Three deaths and almost 5,000 injuries have been reported in Turkey's protests, with CNBC's Mary Thompson. Police will remain in Taksim Square until protesters are clear.
CNBC's Mary Thompson reports police have cleared thousands out of Taksim Square in Istanbul, Turkey.
Discussing why this is such a critical time for the Turkish government, and whether it's a good time to invest in the country, with Reva Bhalla, Stratfor.
David Gordon of the Eurasia Group discusses the demonstrations in Turkey, saying "this is not the beginning of a major political collapse and crisis."
CNBC's Michelle Caruso-Cabrera discusses how the Turkish violence might unfold, and the response of Western allies.
A look at the protesting crowds in Taksim Square in Istanbul, Turkey, with the "Street Signs" crew. Also, CNBC's Rick Santelli and Paul Hickey, Bespoke Investment Group, discuss the bond market's reaction.
NBC's Chief Foreign Correspondent Richard Engel reports from Instanbul, where police have been firing tear gas to disperse crowds. People are fighting over the nature of Turkish society, he says.
Turkish riot police fired water cannons and teargas at hundreds of anti-government protesters in Istanbul's Taksim Square on Tuesday, but the country's prime minister remained defiant.
Riot police clash with protesters in Istanbul's main square, reports NBC's Richard Engel.
Tunc Aybak, leader of the international politics program at Middlesex University, says that despite social changes, the Turkish government has become less democratic and the gap between rich and poor has widened.
Emre Deliveli, economist and writer for the Hurriyet Daily News, comments on the upcoming negotiations in Turkey between the Prime Minister and protesters and the police's use of water cannons.
Live from Istanbul, Turkey, riot police move into Taksim Square to remove protestors and those occupying the square.
David Bloom, global head of foreign exchange strategy at HSBC, tells CNBC that the fall in the Turkish Lira is an emerging market story and is not unique.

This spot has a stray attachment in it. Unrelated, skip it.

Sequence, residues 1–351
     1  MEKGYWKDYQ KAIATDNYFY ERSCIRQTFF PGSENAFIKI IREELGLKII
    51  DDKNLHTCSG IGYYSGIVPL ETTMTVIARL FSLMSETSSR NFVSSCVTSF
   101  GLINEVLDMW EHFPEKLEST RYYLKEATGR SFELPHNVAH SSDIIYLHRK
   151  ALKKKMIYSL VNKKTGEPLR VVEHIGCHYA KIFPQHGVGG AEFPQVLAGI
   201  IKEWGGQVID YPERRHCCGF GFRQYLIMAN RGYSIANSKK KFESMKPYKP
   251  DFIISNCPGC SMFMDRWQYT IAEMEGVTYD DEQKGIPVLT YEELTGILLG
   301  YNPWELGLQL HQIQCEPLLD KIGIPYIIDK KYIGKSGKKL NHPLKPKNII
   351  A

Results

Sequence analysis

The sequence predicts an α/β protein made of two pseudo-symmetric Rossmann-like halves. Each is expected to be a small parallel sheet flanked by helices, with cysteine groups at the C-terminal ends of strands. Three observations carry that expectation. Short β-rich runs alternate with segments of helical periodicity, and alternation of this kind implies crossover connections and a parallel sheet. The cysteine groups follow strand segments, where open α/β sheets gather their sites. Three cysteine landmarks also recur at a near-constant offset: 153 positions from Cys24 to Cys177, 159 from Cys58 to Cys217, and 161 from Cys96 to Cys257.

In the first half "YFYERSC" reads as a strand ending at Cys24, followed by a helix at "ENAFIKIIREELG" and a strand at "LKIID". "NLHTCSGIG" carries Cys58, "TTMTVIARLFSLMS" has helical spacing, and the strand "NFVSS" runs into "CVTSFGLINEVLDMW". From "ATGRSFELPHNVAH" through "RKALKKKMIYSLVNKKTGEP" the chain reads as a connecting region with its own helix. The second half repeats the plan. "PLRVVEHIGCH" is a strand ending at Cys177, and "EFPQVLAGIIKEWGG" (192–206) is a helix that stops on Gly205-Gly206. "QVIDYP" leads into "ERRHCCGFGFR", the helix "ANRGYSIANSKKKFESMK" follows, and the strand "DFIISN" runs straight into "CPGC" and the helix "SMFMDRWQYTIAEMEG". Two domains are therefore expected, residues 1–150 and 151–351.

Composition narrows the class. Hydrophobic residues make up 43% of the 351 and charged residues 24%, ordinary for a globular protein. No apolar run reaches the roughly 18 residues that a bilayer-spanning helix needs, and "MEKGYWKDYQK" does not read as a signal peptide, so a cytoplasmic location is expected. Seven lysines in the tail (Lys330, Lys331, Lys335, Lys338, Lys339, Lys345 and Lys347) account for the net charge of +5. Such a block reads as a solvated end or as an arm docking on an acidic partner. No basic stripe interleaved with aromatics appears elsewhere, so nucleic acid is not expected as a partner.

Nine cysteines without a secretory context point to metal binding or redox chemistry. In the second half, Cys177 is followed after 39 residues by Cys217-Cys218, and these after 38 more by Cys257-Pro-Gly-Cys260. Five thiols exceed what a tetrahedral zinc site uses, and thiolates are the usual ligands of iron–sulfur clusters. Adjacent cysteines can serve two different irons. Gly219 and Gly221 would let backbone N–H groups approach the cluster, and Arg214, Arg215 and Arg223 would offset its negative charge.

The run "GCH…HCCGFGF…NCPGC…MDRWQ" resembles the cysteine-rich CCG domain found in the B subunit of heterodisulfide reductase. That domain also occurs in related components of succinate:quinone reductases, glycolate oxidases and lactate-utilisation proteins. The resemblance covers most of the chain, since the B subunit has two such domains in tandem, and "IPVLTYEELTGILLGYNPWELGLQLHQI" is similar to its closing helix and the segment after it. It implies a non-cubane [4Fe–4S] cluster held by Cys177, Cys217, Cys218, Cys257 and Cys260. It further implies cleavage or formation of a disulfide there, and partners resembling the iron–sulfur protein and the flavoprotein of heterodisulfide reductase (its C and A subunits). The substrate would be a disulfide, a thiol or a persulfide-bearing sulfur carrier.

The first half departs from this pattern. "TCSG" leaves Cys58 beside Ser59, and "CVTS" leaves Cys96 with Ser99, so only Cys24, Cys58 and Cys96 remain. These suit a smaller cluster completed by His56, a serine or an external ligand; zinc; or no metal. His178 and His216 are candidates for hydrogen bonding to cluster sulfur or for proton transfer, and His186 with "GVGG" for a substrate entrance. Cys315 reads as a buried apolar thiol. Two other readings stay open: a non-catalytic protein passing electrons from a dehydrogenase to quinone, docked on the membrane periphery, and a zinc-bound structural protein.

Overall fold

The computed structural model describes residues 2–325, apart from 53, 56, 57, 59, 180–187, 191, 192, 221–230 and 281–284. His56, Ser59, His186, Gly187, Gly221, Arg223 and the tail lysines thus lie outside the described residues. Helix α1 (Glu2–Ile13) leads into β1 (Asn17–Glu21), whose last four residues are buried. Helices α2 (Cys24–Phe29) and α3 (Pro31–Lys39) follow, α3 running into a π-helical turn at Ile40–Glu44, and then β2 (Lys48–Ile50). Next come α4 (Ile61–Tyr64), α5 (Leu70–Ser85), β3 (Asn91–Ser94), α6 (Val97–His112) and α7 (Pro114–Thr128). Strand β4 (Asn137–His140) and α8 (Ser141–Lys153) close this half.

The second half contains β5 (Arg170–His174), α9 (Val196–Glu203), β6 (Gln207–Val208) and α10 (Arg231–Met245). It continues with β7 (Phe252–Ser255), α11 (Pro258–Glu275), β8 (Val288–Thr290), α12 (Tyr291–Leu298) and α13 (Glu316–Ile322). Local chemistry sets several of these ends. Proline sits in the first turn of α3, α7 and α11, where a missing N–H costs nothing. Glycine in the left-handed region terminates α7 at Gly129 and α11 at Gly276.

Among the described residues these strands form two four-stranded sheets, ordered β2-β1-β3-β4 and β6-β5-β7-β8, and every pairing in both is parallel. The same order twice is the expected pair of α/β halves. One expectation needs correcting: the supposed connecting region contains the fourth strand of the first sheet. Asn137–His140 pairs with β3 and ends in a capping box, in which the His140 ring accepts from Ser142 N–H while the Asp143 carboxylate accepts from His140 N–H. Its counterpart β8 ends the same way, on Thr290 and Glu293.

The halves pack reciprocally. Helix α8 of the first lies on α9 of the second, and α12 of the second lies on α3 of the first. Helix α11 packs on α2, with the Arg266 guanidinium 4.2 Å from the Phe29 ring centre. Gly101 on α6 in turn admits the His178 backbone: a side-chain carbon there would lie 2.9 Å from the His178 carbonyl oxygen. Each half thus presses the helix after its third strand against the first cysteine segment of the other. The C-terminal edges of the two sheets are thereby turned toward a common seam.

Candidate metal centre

Turkey faced fresh turmoil on Monday, as the lira weakened against the dollar and trading in the Istanbul stock market was delayed following a glitch.
Gokhan Dorum, Secretary General of the Singapore-Turkey Business Association, says the anti-government protests in Turkey has so far not disrupted the fundamentally good economic story in the country.
Turkish Prime Minister Tayyip Erdogan's AK Party ruled out early elections as tens of thousands of anti-government demonstrators defied his call for an immediate end to protests.
Social instability in Turkey has more in common with Russia in 2012 than the more destabilizing ¿Arab Spring¿, according to Anthony Skinner, the head of Middle East and North Africa at risk consultancy Maplecroft.
Investors are worried that the recent sell-off of Turkish stocks is the calm before the storm, as the country’s president sounded a defiant note.
The Turkish market plunged more than 7 percent intraday, reports CNBC's Michelle Caruso-Cabrera. The decline began on controversial comments made by the country's Prime Minister Recep Tayyip Erdogan.
NBC's correspondent, Jim Maceda, reports from Turkey were protests are still ongoing despite Tuesday's government apology.